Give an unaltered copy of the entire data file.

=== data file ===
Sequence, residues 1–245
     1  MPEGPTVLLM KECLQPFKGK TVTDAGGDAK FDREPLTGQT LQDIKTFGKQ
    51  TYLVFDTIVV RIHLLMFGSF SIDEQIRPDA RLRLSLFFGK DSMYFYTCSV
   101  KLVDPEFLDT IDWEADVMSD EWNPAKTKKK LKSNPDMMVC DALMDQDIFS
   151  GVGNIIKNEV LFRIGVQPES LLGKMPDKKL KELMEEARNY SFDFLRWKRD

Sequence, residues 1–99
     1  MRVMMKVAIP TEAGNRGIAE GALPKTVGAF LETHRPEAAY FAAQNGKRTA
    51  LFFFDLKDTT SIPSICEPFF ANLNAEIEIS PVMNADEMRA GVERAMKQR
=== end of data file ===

Sequence, residues 1–245
     1  MPEGPTVLLM KECLQPFKGK TVTDAGGDAK FDREPLTGQT LQDIKTFGKQ
    51  TYLVFDTIVV RIHLLMFGSF SIDEQIRPDA RLRLSLFFGK DSMYFYTCSV
   101  KLVDPEFLDT IDWEADVMSD EWNPAKTKKK LKSNPDMMVC DALMDQDIFS
   151  GVGNIIKNEV LFRIGVQPES LLGKMPDKKL KELMEEARNY SFDFLRWKRD

Sequence, residues 1–99
     1  MRVMMKVAIP TEAGNRGIAE GALPKTVGAF LETHRPEAAY FAAQNGKRTA
    51  LFFFDLKDTT SIPSICEPFF ANLNAEIEIS PVMNADEMRA GVERAMKQR